643 F2d 394 United States v. McCue

643 F.2d 394

UNITED STATES of America, Plaintiff-Appellee,
Richard Francis McCUE, Defendant-Appellant.

Nos. 80-5174, 80-5178.

United States Court of Appeals,
Sixth Circuit.

Feb. 23, 1981.
Certiorari Denied May 18, 1981.
See 101 S.Ct. 2334.

James A. Hensley, Dayton, Ohio (court appointed), for defendant-appellant.

James C. Cissell, U. S. Atty., Dayton, Ohio, John M. Dipuccio, Asst. U. S. Atty., Cincinnati, Ohio, for plaintiff-appellee.

Before MERRITT, BROWN and KENNEDY, Circuit Judges.


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Appellant Richard McCue was convicted under 18 U.S.C. § 751(a) for escaping from the custody of the Attorney General. McCue admits that he escaped from a prison bus while he was being transferred from the United States penitentiary in Marion, Illinois to the United States penitentiary in Lewisburg, Pennsylvania, pursuant to a writ of habeas corpus ad testificandum issued by the United States District Court for the Middle District of Pennsylvania. McCue had been convicted earlier of a felony in a United States District Court and sentenced to the custody of the Attorney General for a term of years. McCue challenges his conviction on several grounds in this appeal, all of which we find to be without merit.


McCue first argues that the government failed to prove he was in the custody of the Attorney General at the time of his escape. He argues that he was in the custody of the United States District Court that issued the writ pursuant to which he was being transferred at the time of his escape and therefore the applicable statute provides no penalty for his precipitous departure. He further argues that this was properly a jury question.


This argument is frivolous. The D.C. Circuit has recently addressed this question and resolved it squarely against the position urged by McCue. United States v. Bailey, 585 F.2d 1087, 1103-04 (D.C.Cir.1978), rev'd on other grounds, 444 U.S. 394, 100 S.Ct. 624, 62 L.Ed.2d 575 (1980). A prisoner who has been committed to the custody of the Attorney General by virtue of a conviction is still in the custody of the Attorney General by virtue of that conviction for the purposes of 18 U.S.C. § 751(a) when he is transferred pursuant to a writ of habeas corpus ad testificandum. This is not a factual question to be resolved by the jury. Our resolution of this question also resolves McCue's argument that his sentence was not properly imposed.


McCue raised the affirmative defense of duress as a justification for his escape. The trial court instructed the jury that in order to establish duress as a legal excuse for escape, all four of the following conditions must exist:


1. There was an immediate threat of bodily harm to the prisoner;


2. The prisoner had no time in which to make a complaint to authorities about his danger;


3. Force or violence was not used in the escape;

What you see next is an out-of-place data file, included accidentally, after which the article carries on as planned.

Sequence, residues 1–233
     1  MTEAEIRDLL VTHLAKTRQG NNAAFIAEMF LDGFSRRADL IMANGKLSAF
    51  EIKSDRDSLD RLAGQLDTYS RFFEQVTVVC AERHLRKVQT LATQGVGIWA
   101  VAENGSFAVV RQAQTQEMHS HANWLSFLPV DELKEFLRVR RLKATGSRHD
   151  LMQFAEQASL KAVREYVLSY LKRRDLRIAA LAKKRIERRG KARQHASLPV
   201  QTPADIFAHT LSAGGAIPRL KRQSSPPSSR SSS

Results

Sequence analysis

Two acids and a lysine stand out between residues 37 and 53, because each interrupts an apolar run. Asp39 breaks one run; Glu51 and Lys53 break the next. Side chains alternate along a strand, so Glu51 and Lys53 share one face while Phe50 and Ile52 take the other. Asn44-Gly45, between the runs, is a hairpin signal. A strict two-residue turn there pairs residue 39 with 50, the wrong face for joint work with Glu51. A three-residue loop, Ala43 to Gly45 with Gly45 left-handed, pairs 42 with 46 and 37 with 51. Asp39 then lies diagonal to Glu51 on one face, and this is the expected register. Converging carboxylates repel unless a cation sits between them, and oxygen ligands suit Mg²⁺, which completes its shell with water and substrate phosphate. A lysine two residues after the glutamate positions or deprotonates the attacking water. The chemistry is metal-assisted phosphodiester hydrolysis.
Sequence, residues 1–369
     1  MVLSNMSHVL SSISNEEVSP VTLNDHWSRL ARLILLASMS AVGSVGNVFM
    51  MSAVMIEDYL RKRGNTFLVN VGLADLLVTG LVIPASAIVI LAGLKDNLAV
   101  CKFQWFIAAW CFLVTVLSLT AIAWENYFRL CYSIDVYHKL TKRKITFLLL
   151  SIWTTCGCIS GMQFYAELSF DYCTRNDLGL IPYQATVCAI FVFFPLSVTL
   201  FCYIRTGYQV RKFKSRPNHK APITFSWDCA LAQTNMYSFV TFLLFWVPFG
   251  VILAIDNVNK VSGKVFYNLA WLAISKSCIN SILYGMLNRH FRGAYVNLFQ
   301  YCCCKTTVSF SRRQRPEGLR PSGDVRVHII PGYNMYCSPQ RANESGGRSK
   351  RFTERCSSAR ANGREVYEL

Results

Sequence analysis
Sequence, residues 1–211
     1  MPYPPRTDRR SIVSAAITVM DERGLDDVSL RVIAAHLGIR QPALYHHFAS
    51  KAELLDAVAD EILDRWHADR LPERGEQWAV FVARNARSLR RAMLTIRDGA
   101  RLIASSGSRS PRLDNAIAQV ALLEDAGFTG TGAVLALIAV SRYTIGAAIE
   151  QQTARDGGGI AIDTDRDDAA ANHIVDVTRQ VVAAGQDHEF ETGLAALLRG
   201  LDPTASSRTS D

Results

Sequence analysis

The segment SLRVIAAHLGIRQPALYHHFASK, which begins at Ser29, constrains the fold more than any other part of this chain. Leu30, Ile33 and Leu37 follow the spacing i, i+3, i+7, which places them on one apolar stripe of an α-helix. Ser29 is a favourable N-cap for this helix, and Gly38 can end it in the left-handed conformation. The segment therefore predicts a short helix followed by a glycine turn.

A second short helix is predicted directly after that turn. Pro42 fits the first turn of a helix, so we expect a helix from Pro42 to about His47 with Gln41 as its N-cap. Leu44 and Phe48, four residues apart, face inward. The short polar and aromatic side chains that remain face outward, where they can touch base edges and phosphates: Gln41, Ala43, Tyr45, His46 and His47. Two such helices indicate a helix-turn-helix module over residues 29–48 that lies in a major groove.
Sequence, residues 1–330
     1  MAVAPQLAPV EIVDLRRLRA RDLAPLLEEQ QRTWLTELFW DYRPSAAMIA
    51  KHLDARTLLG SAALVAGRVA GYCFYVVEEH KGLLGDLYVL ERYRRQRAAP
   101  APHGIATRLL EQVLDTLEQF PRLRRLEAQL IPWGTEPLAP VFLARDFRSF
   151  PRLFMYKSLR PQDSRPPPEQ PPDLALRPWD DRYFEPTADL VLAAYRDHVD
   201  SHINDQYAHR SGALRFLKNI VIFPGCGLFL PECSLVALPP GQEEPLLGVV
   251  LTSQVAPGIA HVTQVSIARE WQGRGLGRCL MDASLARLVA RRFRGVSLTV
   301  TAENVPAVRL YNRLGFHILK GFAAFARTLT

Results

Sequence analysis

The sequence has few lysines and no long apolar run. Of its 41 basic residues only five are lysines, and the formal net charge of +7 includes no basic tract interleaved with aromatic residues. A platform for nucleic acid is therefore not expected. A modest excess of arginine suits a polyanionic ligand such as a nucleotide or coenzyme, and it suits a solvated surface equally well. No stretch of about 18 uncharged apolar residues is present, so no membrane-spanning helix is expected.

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4. The prisoner must intend to report immediately to proper authorities when he attains a position of safety.


McCue argues that he should not have been required to establish all four elements, particularly the last one, and takes the position the elements should have been given to the jury as guidelines only. This issue has been definitively resolved against McCue by the Supreme Court which stated in part:


(I)n order to be entitled to an instruction on duress or necessity as a defense to the crime charged, an escapee must first offer evidence justifying his continued absence from custody as well as his initial departure and that an indispensable element of such an offer is testimony of a bona fide effort to surrender or return to custody as soon as the claimed duress or necessity had lost its coercive force.


United States v. Bailey, 444 U.S. 394, 412-13, 100 S.Ct. 624, 635, 62 L.Ed.2d 575 (1980).


McCue probably did not meet the first two elements of the test either. The only danger McCue testified about was the danger he feared he would be exposed to at Lewisburg and never testified that he was in immediate danger on the bus.


McCue's final argument is that the judge committed reversible error in his charge to the jury when he inadvertently said "convict" at a point he meant to say "acquit," which McCue claims to be plain error. After reading the charge it is obvious the complained of error was a slip of the tongue. Taken as a whole, the charge to the jury was a very favorable one to McCue. The instructions were not read verbatim but were carefully explained to the jury in non-technical language. At several places the court emphasized that the defendant had no burden of proof. (App. 26, 27, 34, 35). This one slip of the tongue by the court does not warrant reversal of McCue's conviction.


For the reasons stated above it is Ordered that the conviction of the appellant be, and hereby is, affirmed.